I’m not sure if this is going full circle to Season 1’s first challenge or if PR is on its last legs and grasping for straws, but the challenge is to go the grocery store and scoop up whatever materials they can. Austin Scarlet, winner of the Season 1 challenge with his corn husk dress, is back to judge the challenge.

Not surprisingly, a lot them grab table cloths and Tim Gunn bitches them out for it. The aging biker chick goes for the punk rock cliché of the garbage bag and tries to break it, only to fall flat like an inner tube with a hole in it. That would have been a great material for a dress. Rufus Wainright, on the other hand, is more innovative with a dress made of blue plastic cups.

Jennifer, one of the few names I’ve caught, uses material I would love to use: paper towels. It brings back memories of the tissue paper couture I did as a kid.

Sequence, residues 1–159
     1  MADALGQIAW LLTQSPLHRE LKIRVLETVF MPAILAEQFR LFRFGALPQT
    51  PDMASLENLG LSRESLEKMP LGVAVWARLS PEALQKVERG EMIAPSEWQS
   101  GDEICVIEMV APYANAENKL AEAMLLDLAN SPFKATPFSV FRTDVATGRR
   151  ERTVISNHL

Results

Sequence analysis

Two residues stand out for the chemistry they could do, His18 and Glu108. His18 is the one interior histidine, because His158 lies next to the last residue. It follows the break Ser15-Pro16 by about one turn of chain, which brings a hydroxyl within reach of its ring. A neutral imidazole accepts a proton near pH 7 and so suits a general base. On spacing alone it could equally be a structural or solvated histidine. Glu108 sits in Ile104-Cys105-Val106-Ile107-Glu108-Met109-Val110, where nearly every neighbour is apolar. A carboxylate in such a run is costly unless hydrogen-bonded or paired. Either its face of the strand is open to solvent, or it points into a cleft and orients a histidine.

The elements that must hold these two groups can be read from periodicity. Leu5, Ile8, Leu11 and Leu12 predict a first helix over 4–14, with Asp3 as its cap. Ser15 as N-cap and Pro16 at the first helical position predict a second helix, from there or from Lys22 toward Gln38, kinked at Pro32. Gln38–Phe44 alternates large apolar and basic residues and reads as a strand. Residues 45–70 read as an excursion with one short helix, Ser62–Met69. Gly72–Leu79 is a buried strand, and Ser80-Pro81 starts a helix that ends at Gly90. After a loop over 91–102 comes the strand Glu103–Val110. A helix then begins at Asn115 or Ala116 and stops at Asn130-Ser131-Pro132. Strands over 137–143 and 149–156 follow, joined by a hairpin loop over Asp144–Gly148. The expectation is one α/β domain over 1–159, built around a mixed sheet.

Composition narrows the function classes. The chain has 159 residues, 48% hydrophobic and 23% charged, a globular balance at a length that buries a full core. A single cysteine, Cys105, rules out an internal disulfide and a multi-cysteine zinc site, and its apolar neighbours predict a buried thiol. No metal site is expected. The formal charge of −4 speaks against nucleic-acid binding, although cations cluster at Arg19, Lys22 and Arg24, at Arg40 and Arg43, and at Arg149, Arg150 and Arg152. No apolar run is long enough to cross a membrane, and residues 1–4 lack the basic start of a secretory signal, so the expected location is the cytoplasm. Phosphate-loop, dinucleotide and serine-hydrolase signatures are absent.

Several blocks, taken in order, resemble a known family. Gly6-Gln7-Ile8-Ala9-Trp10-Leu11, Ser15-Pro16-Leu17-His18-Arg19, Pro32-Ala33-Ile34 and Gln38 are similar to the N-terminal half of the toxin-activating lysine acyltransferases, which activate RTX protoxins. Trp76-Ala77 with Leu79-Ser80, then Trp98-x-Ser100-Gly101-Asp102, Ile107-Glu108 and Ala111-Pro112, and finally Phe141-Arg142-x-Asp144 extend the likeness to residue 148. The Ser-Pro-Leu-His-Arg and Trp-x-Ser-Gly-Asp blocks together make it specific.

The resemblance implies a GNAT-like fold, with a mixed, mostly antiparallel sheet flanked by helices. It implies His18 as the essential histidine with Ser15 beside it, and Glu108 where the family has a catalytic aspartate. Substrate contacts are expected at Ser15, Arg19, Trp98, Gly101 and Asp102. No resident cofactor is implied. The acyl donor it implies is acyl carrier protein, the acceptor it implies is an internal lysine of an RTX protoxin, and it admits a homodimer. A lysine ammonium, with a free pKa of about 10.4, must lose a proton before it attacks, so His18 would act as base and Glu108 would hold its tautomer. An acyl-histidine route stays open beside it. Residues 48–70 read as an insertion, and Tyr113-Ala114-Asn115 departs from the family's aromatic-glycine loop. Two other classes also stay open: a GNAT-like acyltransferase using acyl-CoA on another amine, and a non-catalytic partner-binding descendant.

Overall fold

Tweaker Beck, well, makes a very tweaked out outfit. Michael Kors says it looks like a handiwipe gone wrong. As for Jerry the Asian guy, his outfit looked too nursey or as Kors said, just left the hospital. Needless to say, Jerry leaves the runway.

Korto is the only one who uses to produce to accessorize a tablecloth dress. Kelli, who looks a bit like Reese Witherspoon, wins by burning and staining her materials, creating a not-so-pretty but interesting effect.

Perhaps this season will be an interesting one, but it’s too early to tell. I wonder how much we’ll get to see Tim Gunn losing that cool, “Make It Work” demeanor. Even though that would overshadow Heidi and the designers, it would be checking out.

My one real gripe about watching PR – seeing all those commericals for “Date M Ex.” Jo and Slade, please go away. I guess Bravo/NBC takes care of their own when their music careers fail to take off.

Oh, there’s another gripe: PR’s Bravo website is badly organized. This must be one of Bravo/NBC’s retaliations for the show’s migration to Lifetime (a financially motivated move on Weinstein’s part).